10 Query Tips from a Literary Assistant — Week of 10/03/2014

I’m a literary assistant at The Seymour Agency. Our agents, Mary Sue Seymour and Nicole Resciniti represent a range of genre: Christian/Inspirational, Fantasy/Science Fiction, Urban Fantasy, Women’s Lit, Romance.
As usual, this week’s tips come from my Twitter feed (@LaneHeymont). Enjoy!

 

1) Character arcs aren’t just ascents. They are bumpy roads with a lot of valleys.

 

2) Make your pitch as concise as possible. A lot can be said with few words.

 

3) Know your grammar. Study if you have to. Don’t have a copy Strunk’s Elements of Style? You shouldn’t be writing anything yet. Otherwise, you won’t know your shit from you’re shit.

 

4) Spamming agents, editors, & reviewers on Twitter is a big no-no. People might snicker at you. Not to mention it’s unprofessional.

 

5) My super agent Nicole Resciniti has a great tip here:

 

6) If I receive a query with an AWESOME writing sample, I will pass it on to one of our agents. Some writing NEEDS to be read.

 

7) Follow submission guidelines. Saying, “I know these violate your guidelines, but..” isn’t the way to hook an agent.

 

8) Do not tell us the meaning and moral of your story in your query. We don’t care yet. The moral/message has nothing to do with plot, character, and conflict. The moral should be buried beneath heavy layers of subtext. The morality of Aesthetics was not once mentioned in Frankenstein, but it was a huge theme/moral to the story. Get it?

 

9) Kids and young adults are preached to every day. They tend not to like it. I hated being preached at as a child/teenager, even when I agreed with the sermon. Do not write kid lit as an adult passing down stories to enlighten the youth with what you’ve learned from YOUR life. Your life is not theirs. Write as a young adult. As much as we may have been concerned with things that now seem trivial we were also concerned with national/global issues. We had adult thoughts, but saw them from a place with less clarity due to having less experience.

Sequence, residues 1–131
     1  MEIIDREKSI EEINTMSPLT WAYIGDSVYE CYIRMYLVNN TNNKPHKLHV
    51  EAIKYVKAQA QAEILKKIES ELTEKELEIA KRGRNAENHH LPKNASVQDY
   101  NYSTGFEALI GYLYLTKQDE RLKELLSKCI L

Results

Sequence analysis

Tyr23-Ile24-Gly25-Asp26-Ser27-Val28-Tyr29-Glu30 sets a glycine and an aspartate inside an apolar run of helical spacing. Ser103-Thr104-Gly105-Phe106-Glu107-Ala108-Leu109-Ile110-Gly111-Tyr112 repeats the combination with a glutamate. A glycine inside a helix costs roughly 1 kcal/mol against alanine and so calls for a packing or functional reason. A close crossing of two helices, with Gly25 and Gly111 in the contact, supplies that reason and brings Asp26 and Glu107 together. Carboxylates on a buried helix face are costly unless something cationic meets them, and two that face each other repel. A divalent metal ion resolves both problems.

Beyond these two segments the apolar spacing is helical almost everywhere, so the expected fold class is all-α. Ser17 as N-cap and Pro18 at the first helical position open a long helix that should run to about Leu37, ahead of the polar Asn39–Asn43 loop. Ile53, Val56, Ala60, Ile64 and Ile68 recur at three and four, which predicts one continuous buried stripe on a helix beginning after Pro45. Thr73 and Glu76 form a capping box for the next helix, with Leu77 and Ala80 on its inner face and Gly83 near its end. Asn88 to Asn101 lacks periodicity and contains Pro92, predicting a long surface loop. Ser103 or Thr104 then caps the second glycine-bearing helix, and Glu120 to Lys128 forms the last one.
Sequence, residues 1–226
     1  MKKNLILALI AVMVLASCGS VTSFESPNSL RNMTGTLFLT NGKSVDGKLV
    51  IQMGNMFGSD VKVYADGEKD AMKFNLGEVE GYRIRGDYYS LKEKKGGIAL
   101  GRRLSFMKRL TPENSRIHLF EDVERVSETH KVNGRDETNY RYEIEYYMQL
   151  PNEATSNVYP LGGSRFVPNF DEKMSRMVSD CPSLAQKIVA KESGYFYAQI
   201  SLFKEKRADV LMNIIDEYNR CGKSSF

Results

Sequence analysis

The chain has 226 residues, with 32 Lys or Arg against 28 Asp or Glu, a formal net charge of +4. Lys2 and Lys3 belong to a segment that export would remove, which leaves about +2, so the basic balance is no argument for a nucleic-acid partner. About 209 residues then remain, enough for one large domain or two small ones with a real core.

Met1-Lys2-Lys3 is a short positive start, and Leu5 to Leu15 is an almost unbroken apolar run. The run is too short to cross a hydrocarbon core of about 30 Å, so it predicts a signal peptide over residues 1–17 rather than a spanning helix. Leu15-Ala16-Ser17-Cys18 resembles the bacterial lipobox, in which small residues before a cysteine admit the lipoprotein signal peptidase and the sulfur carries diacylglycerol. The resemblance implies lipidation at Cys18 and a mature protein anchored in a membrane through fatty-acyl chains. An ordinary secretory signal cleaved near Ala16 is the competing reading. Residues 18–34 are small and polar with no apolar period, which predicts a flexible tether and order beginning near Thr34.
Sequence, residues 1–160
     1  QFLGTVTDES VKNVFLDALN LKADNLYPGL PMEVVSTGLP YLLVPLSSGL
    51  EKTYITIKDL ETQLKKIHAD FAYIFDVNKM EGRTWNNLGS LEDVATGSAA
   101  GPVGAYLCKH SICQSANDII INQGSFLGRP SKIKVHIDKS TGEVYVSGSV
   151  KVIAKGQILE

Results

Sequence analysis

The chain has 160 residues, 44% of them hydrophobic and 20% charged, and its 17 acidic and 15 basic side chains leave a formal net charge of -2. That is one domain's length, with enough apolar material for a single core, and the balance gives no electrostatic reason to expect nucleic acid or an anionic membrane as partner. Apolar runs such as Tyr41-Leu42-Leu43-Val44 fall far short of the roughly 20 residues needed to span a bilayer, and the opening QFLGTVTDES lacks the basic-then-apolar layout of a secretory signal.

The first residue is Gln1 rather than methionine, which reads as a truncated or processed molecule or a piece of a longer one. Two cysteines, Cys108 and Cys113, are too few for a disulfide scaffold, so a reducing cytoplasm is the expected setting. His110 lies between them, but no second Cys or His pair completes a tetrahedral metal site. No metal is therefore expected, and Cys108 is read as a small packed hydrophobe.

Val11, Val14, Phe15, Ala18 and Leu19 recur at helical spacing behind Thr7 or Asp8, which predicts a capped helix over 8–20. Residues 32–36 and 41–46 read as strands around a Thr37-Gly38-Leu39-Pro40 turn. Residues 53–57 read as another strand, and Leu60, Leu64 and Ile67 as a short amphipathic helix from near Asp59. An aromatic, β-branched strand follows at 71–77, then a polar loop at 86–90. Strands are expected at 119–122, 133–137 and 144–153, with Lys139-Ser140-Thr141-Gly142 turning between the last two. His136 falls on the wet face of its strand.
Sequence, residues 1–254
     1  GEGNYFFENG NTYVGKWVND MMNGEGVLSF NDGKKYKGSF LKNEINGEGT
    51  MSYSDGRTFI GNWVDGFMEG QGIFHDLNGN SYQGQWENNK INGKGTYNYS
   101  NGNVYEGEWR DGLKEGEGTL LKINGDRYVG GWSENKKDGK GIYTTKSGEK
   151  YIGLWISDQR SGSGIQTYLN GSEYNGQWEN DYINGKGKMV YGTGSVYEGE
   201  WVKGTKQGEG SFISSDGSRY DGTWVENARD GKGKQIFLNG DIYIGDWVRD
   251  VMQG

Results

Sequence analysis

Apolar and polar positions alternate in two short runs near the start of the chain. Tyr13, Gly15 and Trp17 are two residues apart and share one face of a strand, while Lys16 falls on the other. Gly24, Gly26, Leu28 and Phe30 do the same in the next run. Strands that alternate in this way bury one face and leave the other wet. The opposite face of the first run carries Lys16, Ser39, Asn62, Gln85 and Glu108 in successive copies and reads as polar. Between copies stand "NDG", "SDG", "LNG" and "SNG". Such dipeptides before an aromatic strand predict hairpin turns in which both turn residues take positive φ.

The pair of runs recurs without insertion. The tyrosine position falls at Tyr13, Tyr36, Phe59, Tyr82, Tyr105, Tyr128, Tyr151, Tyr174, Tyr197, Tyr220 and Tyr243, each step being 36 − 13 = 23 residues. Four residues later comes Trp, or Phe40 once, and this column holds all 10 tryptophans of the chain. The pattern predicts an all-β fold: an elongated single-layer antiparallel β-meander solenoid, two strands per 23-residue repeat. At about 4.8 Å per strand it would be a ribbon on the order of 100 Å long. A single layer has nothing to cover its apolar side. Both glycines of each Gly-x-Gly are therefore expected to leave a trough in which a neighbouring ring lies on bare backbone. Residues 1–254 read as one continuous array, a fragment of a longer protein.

Unsure how to write for young adults? Read YA fiction (which if you’re writing YA, you should be doing anyway!), watch YA movies, while you’re out make sure to note any passing conversations between young adults — without being creepy.

Here is a great Q&A from Nicole Resciniti about YA and how intelligent (subtext) it can and should be.

 

10) Don’t query every agent on your list at the same time. Send out a few queries each week, wait and see what responses you receive to said query, and adjust accordingly. What works? Are you getting a lot of responses? No responses? Edit your query as you would a manuscript.

 

Well, that’s it for this week’s query and writing tips. Thanks for joining in, and remember to check back next week!

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